Talented artists from Thomas Clarkson Academy show-off their creations
The seven deadly sins in animal form joins a character from the Batman series in an art class packed with talented students of a Wisbech academy.
The A Level artists at the Thomas Clarkson Academy are working on pieces which will go towards their exam grades later this year, and their work is amazing.
With a peacock skull depicting pride and intricate work detailing the eye of a cat, their projects are all based on a theme they have settled on for the exam.
Monika, 18, has chosen to animate the seven deadly sins in a monotone work using animal skulls to illustrate which sin they represent.
Although she aims to study business management, she said art will always be part of her life as she has been using the medium for more than ten years.
Teacher Tahlia Armstrong said she was proud of the work produced by the A level classes and how much they were all putting into their projects.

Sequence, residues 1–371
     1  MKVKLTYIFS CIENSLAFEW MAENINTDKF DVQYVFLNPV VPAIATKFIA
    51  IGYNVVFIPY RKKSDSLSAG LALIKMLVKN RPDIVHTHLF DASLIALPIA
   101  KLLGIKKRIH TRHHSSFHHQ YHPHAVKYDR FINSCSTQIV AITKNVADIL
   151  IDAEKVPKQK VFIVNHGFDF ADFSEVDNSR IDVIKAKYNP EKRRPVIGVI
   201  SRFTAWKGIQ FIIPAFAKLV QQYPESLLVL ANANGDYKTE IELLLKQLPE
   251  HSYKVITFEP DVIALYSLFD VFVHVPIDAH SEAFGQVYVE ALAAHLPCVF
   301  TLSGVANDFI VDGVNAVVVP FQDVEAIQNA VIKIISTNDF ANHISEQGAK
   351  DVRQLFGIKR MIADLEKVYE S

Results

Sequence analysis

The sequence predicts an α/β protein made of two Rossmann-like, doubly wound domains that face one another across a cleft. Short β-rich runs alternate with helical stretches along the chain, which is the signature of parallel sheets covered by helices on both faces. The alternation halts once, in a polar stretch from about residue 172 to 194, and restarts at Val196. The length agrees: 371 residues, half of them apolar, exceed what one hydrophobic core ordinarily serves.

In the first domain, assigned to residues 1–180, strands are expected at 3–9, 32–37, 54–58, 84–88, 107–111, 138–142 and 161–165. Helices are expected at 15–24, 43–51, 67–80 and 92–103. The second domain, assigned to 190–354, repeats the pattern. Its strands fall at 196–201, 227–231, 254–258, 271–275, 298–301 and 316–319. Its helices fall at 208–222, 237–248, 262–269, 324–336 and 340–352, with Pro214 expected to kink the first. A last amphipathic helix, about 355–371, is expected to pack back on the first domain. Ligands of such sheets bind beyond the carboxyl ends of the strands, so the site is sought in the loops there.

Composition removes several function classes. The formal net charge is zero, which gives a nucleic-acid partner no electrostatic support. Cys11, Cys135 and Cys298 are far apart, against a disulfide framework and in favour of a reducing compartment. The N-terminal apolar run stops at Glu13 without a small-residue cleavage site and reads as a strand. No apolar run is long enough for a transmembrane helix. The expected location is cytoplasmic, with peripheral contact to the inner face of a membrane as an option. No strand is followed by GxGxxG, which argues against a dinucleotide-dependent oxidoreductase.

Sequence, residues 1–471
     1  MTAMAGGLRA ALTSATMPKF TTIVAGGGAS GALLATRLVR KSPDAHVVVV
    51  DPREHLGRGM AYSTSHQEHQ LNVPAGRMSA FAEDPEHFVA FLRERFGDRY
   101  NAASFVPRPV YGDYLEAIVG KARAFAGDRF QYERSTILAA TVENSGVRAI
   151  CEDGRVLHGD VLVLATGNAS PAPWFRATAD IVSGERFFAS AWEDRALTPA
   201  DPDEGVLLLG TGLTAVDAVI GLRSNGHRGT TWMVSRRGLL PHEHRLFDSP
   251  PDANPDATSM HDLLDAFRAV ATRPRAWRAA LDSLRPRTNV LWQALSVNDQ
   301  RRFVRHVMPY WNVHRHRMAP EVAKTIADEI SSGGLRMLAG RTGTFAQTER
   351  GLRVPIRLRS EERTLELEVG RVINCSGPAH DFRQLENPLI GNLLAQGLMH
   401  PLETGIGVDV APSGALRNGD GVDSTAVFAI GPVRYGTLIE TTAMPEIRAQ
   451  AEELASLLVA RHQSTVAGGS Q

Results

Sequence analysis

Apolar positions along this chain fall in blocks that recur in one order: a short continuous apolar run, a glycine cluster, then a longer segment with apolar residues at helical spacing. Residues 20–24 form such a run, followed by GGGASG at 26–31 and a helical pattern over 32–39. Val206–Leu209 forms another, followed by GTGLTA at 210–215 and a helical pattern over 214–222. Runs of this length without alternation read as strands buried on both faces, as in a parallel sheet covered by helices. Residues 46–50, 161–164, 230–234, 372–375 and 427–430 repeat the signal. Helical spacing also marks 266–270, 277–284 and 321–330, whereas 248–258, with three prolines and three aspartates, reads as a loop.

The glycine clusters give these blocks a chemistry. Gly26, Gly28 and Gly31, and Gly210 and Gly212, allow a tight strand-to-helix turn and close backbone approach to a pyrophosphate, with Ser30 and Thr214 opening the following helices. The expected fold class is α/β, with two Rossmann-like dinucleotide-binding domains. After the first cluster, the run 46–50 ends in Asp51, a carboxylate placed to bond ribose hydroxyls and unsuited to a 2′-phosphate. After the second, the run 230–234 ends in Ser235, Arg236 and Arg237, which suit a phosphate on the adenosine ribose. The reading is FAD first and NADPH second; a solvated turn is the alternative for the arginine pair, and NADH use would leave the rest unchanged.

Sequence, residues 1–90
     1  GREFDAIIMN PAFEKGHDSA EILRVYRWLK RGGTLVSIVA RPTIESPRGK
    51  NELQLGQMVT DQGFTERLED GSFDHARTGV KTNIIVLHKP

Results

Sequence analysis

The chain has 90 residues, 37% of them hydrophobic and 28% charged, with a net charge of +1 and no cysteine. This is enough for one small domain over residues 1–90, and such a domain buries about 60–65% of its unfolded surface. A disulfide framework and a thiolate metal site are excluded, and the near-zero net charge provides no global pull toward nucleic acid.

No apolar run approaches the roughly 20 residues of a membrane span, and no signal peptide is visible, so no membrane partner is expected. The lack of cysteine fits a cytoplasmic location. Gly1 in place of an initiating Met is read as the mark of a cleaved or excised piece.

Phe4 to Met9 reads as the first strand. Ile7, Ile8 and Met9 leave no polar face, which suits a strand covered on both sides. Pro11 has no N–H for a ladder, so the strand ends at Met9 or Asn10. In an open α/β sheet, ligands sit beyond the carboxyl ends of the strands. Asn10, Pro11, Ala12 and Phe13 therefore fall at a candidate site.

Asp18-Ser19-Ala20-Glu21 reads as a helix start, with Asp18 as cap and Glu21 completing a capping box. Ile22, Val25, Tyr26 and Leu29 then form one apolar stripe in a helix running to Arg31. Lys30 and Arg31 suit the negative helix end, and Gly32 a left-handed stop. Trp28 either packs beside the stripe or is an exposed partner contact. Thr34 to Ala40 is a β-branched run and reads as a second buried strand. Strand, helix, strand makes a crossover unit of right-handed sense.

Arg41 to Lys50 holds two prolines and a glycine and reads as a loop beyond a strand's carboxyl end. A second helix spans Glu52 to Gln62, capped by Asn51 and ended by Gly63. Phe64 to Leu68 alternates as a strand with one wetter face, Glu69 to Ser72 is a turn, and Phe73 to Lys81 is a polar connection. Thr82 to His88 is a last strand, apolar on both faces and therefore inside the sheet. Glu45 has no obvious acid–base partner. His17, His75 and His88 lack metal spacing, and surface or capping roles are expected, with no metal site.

“They each choose a theme to work with, and put so much into the art they create. Their focus and dedication can be seen in what they have produced,” she said.
Student Angel has opted for adult themes in animation and has produced a portrait of The Joker from the Batman franchise.
“I am inspired by artists and pieces including Arkado. But the Joker portrayed by Jo Quinn is my favourite, and I have painted him before,” she said.
Emmie is fascinated by the usually overlooked attributes of animals, from the eye of a peacock tail to the beaks of birds and eyes of cats.
“We have a tabby cat, four rabbits and four Guinea pigs, and I wanted to highlight the details that are not usually looked at too closely,” she said.
Her future ambitions lay in the beauty industry where her talent with art will be a bonus.
Emily, 18, has chosen the symbolism of grief for her work which includes art inspired by the Mexican Day of the Dead and jazz funerals from New Orleans.
“I wanted someone to be able to look at my work and get it, then I am very happy,” she said.
Student Liutaurita has created a pastiche of The Judgement of Paris by Peter Paul Rubens as her project is all about society’s expectations on body image for men and women through different times.